Ritual practice was discussed in every interview. Ritual was described as patterned behaviour that again was determined within the rules set down by a faith group. Ritual was expressed as ‘comfortable’ engagement, where participants felt they understood what they should do and the significance of the acts they were performing. The visible and observable nature of practice was included by everyone but, where ritual practice occurred, was often not directly related to place. At the same time there was an acknowledgement that a designated place for ritual to take place, contributed to the structure of practice and contributed to a feeling of connectedness. Very few photographs were taken of the participants’ own/regular place of worship. These images were identified by some people as the ‘photo not taken’ due to ethical considerations and the appropriateness of using a camera during a ceremony or worship. In some instances a lack of designated site or place was also highlighted and this appeared to raise the significance of other aspects of ritual practice, for example, when describing offerings as part of Diwali celebrations …
On its own [offerings] has got quite a significant aura about how we pray, (…) especially when we don’t have a temple (Sanjit).
Overall the structure of practice relating to organised forms, ritual, and place was suggested as a key part of defining practice from the everyday perspective of the participants.
Legitimate, or proper, practice was seen as challenging under certain circumstances. For the Muslim participants in particular the availability of appropriate facilities for ablution was a particular issue. Ablution practice was adapted by Zaheem to include the use of ‘wet wipes’ (see Figure 1
) and Arif described being able to use the facilities to hand but not without hazard and some strange looks from anyone who observed him preparing for prayer in the men’s toilet (see Figure 2
I’m really short so I sort of I need to hold my legs in a dangerous manner and the thing is we need to wash both of our feet so sometimes when I begin with my right foot that’s why—but where I put up and my left foot and wash, my right foot is slippery and I might fall a couple of times cos its slippery (Arif).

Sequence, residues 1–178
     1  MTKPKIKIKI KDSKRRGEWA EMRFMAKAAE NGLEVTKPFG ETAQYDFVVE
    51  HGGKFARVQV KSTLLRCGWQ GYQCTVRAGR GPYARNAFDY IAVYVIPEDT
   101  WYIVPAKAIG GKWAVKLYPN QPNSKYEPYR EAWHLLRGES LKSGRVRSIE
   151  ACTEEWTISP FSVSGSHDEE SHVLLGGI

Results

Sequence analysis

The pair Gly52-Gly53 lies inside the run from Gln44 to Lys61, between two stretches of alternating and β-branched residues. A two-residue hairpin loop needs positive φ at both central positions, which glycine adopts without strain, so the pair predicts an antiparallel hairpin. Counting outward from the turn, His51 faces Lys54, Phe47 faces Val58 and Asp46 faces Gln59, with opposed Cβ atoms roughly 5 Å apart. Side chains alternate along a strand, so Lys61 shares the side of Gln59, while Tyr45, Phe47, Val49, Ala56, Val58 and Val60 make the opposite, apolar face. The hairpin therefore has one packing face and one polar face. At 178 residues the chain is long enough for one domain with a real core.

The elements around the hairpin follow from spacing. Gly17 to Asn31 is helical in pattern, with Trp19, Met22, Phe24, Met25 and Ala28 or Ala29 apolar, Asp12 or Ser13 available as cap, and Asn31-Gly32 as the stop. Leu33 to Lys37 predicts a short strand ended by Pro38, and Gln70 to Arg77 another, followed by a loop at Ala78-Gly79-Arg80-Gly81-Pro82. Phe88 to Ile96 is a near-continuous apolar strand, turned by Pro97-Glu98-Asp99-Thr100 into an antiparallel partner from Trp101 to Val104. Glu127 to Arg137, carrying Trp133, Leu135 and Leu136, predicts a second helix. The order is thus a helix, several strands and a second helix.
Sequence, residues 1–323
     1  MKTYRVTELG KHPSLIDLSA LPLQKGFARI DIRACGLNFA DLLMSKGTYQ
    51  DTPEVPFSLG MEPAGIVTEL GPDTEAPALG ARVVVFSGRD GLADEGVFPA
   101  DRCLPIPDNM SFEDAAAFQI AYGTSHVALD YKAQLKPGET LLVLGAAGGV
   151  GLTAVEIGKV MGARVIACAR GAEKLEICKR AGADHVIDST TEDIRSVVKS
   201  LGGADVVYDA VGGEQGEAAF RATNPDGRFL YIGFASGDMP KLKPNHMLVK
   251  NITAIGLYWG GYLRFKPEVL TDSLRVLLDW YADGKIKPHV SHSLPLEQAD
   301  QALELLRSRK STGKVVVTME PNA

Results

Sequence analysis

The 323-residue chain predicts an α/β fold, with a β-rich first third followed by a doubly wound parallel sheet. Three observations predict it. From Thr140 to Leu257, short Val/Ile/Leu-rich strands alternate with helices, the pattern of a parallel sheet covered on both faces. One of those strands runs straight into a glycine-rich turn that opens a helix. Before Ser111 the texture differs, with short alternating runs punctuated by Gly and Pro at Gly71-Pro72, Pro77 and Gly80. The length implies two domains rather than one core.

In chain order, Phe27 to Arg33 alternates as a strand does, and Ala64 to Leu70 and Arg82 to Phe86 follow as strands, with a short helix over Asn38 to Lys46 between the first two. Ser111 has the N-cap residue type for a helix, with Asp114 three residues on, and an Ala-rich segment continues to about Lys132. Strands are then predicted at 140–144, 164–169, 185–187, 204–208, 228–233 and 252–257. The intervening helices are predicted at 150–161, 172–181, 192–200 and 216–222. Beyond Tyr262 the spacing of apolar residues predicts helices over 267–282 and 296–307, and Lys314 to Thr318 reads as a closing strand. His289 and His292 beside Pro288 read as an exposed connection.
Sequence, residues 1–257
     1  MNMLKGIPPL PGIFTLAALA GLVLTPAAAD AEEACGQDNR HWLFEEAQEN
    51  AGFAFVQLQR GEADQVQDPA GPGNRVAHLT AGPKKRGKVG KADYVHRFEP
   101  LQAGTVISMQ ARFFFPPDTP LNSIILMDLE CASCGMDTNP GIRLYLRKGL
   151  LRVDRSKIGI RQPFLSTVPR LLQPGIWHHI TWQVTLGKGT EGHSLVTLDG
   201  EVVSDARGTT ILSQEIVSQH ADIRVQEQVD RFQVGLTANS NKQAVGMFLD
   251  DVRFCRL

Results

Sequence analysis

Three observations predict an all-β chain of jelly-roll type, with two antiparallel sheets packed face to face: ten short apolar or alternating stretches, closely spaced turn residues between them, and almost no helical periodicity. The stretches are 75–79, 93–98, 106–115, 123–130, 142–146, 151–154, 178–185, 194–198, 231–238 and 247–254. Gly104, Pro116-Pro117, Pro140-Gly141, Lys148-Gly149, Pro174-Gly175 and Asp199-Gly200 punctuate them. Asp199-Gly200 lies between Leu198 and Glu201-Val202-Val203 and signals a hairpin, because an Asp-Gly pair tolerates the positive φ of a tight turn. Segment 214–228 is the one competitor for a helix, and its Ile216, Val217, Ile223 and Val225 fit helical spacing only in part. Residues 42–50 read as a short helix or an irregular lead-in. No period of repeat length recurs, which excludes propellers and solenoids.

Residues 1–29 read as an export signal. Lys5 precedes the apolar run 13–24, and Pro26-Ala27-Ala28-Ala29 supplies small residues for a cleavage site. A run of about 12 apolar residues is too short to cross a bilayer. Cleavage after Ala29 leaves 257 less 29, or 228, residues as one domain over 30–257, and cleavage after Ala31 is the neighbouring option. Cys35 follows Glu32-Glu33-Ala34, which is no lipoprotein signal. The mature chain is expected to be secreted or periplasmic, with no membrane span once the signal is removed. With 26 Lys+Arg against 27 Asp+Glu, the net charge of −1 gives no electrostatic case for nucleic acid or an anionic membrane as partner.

3.2. Expressions of Practice
The second of the extrinsic themes relates to how participants expressed their religious affiliation openly to those around them. Significant objects were frequently photographed and images of symbols, sacred texts and literature were used by participants to describe their expressions of faith. In some cases a special place had been created for important items.
This is a shelf on a whole series of shelves in one of the rooms. Um, so, I walk past it every day. So, it’s just visible to me. Um, and the items are very special to me (Beth) (see Figure 3).
And for Anne, the significance of an object (her prayer book) also included its tactile nature.
I bought this prayer book—it’s a really nice prayer book. Its leather bound and for me that’s kind of important because it’s quite tactile and I like the feel of it (Anne).
Expressions of practice also included the use of symbols, as something commonly worn, found about the house or otherwise used within ritual, ceremony or worship.
I tend to have more um, like sayings from the bible in a bookmark or these palm crosses around just to remind me of what Jesus did for us (Jen).
Sanjit (who did some voluntary work in schools) felt it important to use the Hindu symbol for ‘home’ on presentations, as concepts of family and home are so central to the Hindu religion, even though few people other than him realised the significance of this symbol.
‘and a lot of our world starts with the symbol ‘home’ because of the importance of family (Sanjit).
Jac described the symbolism of his ring (see Figure 4
) and a stone worn around his neck.
They’re called hag stones and to me they relate again to the Goddess. So I think this is why this is important one, a stone with a hole in it. And uh, not all pagans wear them, but quite a lot do. We’re loaded up with symbols, absolutely. We use them a lot (Jac).
However, Anne was cautious about wearing a symbol that demonstrated an outward expression of her practice.
And this is a necklace which is, again, the symbol of Baha’i which means splendour. And I don’t wear it all the time I have to say. And there are some times when I—because, again, it’s sort of our—it’s Persian calligraphy, but it looks like Arabic. One of the reasons I don’t wear it is because I’m concerned about discrimination from people (Anne).